"1. A Fischer-Tropsch cobalt catalyst precursor which includes a catalyst support impregnated with cobalt nitrate Co(NO3)2.6H2O, wherein the catalyst support is selected form alumina (Al2O3), silica (SiO2), titania (TiO2), magnesia (MgO) and silica-alumina, and with all reducible cobalt after calcination being present in the support as supported cobalt oxide of formula-unit CoOaHb, where a>=l,7 and b>0."

"5. A process for preparing a Fischer-Tropsch cobalt catalyst precursor, which process includes

in a support impregnation stage, impregnating a particulate porous catalyst support with a cobalt salt, and partially drying the impregnated support, with the resultant partially dried impregnated support containing residual moisture; and

in a calcination stage, calcining the partially dried impregnated support to obtain a cobalt catalyst precursor, with the calcination being effected in air between 95ºC and 400ºC, and by using an air space velocity and a support heating rate such that all reducible cobalt is present in the support of the precursor as a supported cobalt oxide of formula-unit CoOaHb, where a>=l,7 and b>0."

Claim 1 of the (then) first auxiliary request read:

"1. A Fischer-Tropsch cobalt catalyst precursor which includes a catalyst support impregnated with cobalt nitrate Co(NO3)2.6H2O, wherein the catalyst support is selected form alumina (Al2O3), silica (SiO2), titania (TiO2), magnesia (MgO) and silica-alumina, and with all reducible cobalt after calcination in air between 95ºC and 400ºC, and by using an air space velocity and a support heating rate is present in the support of the precursor as a supported cobalt oxide of formula-unit CoOaHb, where a>=l,7 and b>0." (sic)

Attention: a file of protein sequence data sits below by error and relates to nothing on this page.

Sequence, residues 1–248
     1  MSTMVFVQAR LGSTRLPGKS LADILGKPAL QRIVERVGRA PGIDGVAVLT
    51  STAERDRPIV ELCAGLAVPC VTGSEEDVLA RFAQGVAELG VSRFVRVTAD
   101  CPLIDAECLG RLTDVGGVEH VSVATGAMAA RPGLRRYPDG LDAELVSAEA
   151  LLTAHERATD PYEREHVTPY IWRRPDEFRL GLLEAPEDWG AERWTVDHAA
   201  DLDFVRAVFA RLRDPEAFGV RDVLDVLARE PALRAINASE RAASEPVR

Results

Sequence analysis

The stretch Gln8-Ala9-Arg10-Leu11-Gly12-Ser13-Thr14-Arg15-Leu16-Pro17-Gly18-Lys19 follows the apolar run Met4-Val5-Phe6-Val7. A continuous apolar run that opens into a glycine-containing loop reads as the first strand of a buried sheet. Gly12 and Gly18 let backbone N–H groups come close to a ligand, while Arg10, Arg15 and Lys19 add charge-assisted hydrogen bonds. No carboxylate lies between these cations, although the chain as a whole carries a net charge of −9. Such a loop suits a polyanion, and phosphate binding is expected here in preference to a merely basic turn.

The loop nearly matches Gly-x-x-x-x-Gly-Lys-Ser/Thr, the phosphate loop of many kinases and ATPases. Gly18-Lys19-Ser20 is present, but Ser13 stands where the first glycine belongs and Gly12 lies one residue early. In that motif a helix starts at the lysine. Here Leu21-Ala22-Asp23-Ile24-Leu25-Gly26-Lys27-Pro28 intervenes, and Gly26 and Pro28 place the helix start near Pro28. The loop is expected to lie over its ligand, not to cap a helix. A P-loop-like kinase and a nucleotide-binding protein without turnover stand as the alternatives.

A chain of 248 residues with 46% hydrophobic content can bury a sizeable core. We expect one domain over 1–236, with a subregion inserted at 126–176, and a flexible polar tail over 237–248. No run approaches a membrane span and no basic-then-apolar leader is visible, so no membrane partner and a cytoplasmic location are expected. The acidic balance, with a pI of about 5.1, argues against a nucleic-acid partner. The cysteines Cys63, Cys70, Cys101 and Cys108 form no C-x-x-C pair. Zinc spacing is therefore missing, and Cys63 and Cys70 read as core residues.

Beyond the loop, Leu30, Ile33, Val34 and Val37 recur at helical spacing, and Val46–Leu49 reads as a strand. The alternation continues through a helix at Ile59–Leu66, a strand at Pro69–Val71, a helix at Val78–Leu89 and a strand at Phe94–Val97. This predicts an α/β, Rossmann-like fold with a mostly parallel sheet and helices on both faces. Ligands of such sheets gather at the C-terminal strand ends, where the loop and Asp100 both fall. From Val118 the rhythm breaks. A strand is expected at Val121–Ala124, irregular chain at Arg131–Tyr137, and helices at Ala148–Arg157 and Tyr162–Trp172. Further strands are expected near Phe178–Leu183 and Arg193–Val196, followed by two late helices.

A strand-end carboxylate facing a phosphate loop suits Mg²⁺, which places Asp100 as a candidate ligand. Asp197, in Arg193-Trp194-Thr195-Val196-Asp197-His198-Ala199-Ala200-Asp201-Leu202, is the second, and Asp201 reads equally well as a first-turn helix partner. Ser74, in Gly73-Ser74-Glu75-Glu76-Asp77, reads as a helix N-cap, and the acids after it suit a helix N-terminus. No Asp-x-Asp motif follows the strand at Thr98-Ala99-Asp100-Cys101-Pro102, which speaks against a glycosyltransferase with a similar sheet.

Claim 1 of the (then) second auxiliary request read:

"1. A Fischer-Tropsch cobalt catalyst obtainable by reduction of a cobalt catalyst precursor which includes a catalyst support impregnated with cobalt nitrate Co(NO3)2.6H2O, wherein the catalyst support is selected from alumina (Al2O3), silica (SiO2), titania (TiO2), magnesia (MgO) and silica-alumina, and wherein in air between 95ºC and 400ºC, and by using an air space velocity and a heating rate such that all reducible cobalt is present in the support of the precursor as a supported cobalt oxide of formula-unit CoOaHb, where a>=l,7 and b>0."

III. The following documents were cited in the decision:

D1 WO-A-99 422214,

D2 EP-A-0 736 326,

D3 WO-A-99 34917,

D4 Appl. Catal. A: General, 233 (2002) 263-281

D5 Handbook of Heterogeneous Catalysis, Ertl et al., chapter 3.2.2.5

D6 US-A-4 729 981 and

D7 EP-A-0 494 528.

According to the decision, the claimed subject-matter lacked clarity (main request and auxiliary request I) as well as novelty over D2 and D6 (all requests).